No Danica, but watch Brendan Gaughan

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For the next few weeks we’re going to all be learning about what the changes to the NASCAR Sprint Cup cars mean at differing tracks, most notably how the new electronic fuel injection reacts.

The teams that have done the most extensive testing since it was allowed last season would appear to have an edge. Those teams, not surprisingly, are the ones with the most money, such as Hendrick Motorsports.

Last week’s restictor-plate race at Daytona didn’t offer the best data with the new EFI system because cars are propelled more by the draft than by themselves. This week at Phoenix it will be every driver for themself with their crew chief at the computer dissecting everything.

Instead of a crew chief asking their driver “what’s wrong” with a driver speculating, the crew chief will now be able to know and pinpoint issues quicker. These next few races will be important for every team to figure out how they’re going to maximize all that data to their advantage.

The expected bonuses of EFI include fewer blown engines and a more accurate figure on fuel mileage. Some of the drama of wondering whether a car can make the final few laps will be taken out of the equation, but will also intensify as teams are sure to push the limits more so than in the past. Is the computer smarter here, or weighing a gas can after each pit stop to see exactly how much fuel got into the car?

Even without speculating that Hendrick may have the advantage here like they did in 2007 when the “Car of Tomorrow” was introduced, they are collectively pretty stout at Phoenix as is.

Jimmie Johnson has a track best career average of 5.4 in 17 starts that include four wins. He’s never finished worse than 15 and has only finished worse than 7 three times. Johnson has had a lot of time to reflect on not winning his sixth straight title last season. When looking back on 2011, Phoenix is the type of track he knows he can improve upon from last year.

Jeff Gordon is a two-time winner at Phoenix. Unlike most of the other tracks where he did most of his damage during his glory years in the 90’s, he captured his only two wins on the track in 2007 and in this race last season.

Kasey Kahne gets to jump into the No. 5 Hendrick car Mark Martin drove to a Phoenix victory in 2009, a car Kyle Busch also won at Phoenix with in 2005. Kahne looks to be one of the surprises of the 2012 season and this will be our first real opportunity to see what he can do with the Hendrick horsepower under the hood. In the fall race last season, Kahne did the amazing by taking a lame duck Red Bull Racing team to the winners circle. It was Kahne’s only win of 2012.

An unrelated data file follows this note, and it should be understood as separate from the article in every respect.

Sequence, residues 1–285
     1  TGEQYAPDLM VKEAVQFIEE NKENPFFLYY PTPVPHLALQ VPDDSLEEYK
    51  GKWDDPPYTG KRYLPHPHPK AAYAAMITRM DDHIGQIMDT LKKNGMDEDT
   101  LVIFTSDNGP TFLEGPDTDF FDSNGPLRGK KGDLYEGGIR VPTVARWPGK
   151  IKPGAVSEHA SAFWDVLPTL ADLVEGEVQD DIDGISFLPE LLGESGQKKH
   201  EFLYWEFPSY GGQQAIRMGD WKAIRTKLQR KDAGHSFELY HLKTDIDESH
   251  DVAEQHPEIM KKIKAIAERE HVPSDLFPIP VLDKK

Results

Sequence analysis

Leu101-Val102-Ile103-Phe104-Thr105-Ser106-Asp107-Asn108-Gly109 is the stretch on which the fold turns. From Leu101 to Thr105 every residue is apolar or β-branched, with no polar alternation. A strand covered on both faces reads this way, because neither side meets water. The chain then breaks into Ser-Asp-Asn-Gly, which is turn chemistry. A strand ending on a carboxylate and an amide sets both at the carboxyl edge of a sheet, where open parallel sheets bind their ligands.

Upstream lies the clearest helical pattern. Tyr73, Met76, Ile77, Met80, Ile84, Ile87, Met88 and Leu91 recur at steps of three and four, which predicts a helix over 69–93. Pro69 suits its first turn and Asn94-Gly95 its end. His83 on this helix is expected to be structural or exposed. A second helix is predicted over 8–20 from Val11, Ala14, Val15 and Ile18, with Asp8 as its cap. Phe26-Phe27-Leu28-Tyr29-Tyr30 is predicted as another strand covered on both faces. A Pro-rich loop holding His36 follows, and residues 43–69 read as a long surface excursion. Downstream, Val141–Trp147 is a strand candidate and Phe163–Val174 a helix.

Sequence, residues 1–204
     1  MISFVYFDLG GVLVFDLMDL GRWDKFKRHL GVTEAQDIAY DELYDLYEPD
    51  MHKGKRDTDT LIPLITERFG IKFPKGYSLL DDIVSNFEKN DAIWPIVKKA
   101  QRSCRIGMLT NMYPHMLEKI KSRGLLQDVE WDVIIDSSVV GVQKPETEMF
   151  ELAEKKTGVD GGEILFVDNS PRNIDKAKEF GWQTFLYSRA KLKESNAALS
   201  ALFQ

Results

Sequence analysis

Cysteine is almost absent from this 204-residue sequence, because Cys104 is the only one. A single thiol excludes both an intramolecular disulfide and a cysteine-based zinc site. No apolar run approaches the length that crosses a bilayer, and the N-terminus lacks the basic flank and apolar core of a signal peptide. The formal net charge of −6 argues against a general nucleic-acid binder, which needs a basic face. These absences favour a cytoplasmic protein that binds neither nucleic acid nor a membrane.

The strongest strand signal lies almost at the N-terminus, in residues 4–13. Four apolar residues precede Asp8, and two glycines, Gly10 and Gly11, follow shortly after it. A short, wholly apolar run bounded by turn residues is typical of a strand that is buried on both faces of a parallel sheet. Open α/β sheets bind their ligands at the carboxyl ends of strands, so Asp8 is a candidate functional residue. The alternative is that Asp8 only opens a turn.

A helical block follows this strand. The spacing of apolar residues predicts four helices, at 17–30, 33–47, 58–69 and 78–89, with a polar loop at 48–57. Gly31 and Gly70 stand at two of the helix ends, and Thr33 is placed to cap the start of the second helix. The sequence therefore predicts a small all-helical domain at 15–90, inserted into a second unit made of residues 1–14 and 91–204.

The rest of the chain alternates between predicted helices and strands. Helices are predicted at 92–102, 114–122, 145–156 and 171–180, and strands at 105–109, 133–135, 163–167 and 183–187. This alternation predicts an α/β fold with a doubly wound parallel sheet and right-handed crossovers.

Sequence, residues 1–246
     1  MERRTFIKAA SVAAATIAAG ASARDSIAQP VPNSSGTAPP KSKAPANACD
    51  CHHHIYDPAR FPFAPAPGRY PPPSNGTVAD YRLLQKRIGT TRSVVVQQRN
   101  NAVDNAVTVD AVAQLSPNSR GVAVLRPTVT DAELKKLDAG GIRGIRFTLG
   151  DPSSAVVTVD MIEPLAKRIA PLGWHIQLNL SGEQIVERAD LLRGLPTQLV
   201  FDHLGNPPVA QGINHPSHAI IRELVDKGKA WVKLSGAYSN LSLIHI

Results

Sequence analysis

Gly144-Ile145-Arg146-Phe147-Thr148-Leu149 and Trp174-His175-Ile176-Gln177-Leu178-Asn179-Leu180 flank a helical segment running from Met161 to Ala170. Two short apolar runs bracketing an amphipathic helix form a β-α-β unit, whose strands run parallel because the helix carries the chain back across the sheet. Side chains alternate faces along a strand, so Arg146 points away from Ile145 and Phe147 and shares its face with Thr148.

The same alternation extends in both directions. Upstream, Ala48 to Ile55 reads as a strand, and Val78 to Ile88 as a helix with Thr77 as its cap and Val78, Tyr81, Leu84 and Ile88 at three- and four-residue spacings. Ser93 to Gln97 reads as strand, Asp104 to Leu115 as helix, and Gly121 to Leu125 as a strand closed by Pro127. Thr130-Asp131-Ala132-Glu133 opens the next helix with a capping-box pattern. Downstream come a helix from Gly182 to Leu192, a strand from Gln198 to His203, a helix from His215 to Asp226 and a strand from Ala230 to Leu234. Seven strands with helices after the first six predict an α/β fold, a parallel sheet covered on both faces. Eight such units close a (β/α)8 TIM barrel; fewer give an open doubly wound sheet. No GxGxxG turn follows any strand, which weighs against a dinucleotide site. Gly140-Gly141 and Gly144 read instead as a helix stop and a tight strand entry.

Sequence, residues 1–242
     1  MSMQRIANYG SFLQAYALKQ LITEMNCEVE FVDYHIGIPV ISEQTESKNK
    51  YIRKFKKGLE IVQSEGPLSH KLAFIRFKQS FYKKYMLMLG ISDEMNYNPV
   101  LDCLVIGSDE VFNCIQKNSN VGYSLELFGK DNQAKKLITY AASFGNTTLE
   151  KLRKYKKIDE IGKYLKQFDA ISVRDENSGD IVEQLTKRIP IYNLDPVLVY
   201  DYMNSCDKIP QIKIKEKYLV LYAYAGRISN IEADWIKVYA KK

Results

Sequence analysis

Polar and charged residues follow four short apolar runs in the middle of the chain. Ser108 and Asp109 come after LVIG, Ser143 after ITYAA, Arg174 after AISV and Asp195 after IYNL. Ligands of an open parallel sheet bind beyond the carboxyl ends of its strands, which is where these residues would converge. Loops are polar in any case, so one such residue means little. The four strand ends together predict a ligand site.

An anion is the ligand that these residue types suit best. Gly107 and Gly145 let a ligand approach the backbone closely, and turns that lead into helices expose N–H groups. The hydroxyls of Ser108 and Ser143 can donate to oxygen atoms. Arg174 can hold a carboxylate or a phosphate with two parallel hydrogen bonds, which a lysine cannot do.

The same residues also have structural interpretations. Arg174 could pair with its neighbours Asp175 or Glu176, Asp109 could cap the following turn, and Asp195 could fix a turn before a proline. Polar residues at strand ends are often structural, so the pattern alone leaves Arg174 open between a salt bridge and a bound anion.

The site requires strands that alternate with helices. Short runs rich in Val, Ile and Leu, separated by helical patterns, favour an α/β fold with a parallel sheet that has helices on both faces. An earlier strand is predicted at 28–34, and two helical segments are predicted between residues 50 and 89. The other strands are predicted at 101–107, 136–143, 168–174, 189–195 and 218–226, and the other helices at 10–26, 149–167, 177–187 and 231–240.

Dale Earnhardt Jr. has gone 130 races without a win, but Phoenix could be a place we see the streak end. He’s a two-time winner on the track (2003-04) and will be the major beneficiary of having the Hendrick edge in his corner.

Carl Edwards figures to have the top Ford and rode the best car in the last three Phoenix races, though claiming only one victory. The last time NASCAR made some changes, Roush Racing took a long time to catch up. It’s debatable whether it will happen again, but it does take some of the shine from what Edwards has done recently at Phoenix.

It’s likely odds on Edwards will be too low to back as most sports books will use those last three races as a reference when posting their numbers.

Gaughan in great car

While Danica Patrick won’t make a Sprint Cup appearance again until May, Las Vegans will make up for the void with their own favorite son, Brendan Gaughan, who will run races 2, 3, 4 and 5 beginning with Phoenix.

Kurt and Kyle Busch are loved in Las Vegas as well, but Brendan has a special relationship with the locals because of his family ties (Father Michael and Grandfather Jackie) that have been so good for this area over the last six decades.

When Brendan got his first shot at Cup racing, he didn’t really have a chance to succeed as an afterthought third-string program run by Roger Penske during lean years. His current run will see him in Richard Childress cars with chassis leftovers from the departure of Clint Bowyer as well as cars used by Jeff Burton and Kevin Harvick.

His return to the Cup series during the Las Vegas race in two weeks will be one of the bigger underlying stories of the weekend. Here’s to hoping, and wishing, Gaughan the best of performances the next few weeks in the spotlight of Cup racing.

 

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